“If you forgive men their transgressions,
your heavenly Father will forgive you.
But if you do not forgive men,
neither will your Father forgive your transgressions.” (Mt 6:14-15)
In today’s Gospel, the Apostles ask Jesus to teach them to pray.
At first glance, one might think that was a rather absurd request.
Teach them to pray? Haven’t they prayed their entire lives? What makes you think they’re going to start now?
That is not the dynamic of the request, however.
Jesus has become an established teacher. He has gathered a group of followers around Him. Those followers know that other teachers have taught their followers certain things so that they may remain true to their teacher.
The Apostles are asking Jesus to give them identity as much as they are asking Him to teach them to pray.
Jesus gives them more than they bargained for.
He gives them the “dangerous prayer.”
I say that because, if we truly pray the Our Father as Jesus gave it, we open ourselves up to judgment.
The prayer begins nice and simple. We acknowledge God as our Father. We pray for His Kingdom and will to be established, not our own. We ask that same Father to give us all that we need this day.
Then we get dicey. “Forgive us our trespasses as we forgive those who trespass against us.”
Let’s try that again, but, in English that we can understand: Heavenly Father, I am asking you to forgive me in exactly the same manner that I forgive other people. If I am a person who forgives freely, forgive me freely. If I am a person who refuses to forgive, then, by all means, refuse to forgive me.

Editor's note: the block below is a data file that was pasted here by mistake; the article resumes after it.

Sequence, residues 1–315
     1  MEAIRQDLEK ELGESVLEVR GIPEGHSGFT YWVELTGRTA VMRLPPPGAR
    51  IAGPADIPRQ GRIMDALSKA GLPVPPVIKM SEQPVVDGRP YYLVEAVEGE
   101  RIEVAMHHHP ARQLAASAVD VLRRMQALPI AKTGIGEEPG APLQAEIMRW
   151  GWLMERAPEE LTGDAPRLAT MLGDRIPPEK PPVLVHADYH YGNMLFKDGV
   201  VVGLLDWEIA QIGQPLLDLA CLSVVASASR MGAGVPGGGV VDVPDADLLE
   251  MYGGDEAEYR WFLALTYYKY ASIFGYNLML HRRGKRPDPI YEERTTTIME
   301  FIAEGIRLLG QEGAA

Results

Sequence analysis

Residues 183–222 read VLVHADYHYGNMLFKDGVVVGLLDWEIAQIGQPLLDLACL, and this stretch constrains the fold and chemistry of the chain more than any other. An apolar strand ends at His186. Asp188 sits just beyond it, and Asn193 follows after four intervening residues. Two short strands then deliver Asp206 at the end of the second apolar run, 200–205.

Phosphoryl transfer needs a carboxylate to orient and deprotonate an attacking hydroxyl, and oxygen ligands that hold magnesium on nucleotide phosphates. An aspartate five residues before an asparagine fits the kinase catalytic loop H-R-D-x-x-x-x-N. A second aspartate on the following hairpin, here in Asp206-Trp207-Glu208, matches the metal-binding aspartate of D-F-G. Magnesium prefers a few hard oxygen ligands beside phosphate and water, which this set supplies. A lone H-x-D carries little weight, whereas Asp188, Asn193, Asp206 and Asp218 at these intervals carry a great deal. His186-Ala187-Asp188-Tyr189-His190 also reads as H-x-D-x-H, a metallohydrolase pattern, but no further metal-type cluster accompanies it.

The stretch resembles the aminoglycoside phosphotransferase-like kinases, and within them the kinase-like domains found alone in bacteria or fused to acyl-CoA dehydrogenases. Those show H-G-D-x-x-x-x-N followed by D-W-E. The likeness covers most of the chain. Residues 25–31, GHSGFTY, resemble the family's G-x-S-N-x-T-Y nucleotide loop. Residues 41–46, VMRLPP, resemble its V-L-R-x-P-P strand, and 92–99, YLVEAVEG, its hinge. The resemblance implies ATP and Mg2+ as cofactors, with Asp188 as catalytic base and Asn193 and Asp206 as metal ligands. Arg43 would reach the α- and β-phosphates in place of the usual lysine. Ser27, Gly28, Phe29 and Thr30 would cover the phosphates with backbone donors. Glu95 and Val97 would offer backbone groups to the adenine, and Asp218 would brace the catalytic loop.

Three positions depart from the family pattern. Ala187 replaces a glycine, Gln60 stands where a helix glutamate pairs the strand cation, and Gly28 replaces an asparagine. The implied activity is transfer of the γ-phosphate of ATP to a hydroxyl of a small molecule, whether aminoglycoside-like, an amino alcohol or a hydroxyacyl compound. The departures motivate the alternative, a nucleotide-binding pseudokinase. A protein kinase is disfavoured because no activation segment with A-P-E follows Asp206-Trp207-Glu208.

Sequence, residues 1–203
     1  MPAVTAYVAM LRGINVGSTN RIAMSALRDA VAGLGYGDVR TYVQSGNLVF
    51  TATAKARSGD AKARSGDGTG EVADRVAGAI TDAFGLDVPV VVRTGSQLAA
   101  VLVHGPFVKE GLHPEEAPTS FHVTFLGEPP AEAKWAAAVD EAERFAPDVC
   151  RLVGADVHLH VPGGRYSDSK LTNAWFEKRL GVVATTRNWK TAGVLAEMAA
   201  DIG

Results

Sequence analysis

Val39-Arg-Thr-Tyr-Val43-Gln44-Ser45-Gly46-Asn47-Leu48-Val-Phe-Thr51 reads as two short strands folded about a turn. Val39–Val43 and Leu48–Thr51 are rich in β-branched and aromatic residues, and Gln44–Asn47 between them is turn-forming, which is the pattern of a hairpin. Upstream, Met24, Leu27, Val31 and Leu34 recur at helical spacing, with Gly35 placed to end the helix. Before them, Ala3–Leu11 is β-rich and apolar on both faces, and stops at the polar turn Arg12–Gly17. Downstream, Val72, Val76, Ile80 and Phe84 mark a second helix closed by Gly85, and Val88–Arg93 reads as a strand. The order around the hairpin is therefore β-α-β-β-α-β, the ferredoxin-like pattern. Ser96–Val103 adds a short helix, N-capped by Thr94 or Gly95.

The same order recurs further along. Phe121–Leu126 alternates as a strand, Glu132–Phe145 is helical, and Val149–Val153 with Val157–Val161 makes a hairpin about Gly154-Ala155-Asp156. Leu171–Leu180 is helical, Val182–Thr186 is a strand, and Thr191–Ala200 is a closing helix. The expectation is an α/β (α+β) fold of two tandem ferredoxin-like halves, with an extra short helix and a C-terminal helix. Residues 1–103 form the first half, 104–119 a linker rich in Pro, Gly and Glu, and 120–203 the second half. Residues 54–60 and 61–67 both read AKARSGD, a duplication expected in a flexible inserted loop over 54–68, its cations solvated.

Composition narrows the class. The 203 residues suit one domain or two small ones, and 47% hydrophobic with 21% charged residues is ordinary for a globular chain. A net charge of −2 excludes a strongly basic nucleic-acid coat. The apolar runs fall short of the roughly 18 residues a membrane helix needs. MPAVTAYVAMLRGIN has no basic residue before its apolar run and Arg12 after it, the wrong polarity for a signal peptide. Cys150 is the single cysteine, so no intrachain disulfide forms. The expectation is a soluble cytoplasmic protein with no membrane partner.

That is what we are saying each time we pray the Our Father.
And so you do not think that is my interpretation, Jesus goes on to clarify after He teaches the Our Father to His followers. He tells His followers that if they do not forgive, neither will they be forgiven.
It is difficult being a Christian.
It is difficult because we are called to rise about this world which would encourage us not only to refuse forgiveness but to seek revenge.
It cannot be like that with us, however.
We must be a people of forgiveness, especially if we hope to be forgiven ourselves.
FAITH ACTION: Are you holding a grudge against anyone? Do all that you can to reconcile yourself to that person to whom you withhold forgiveness.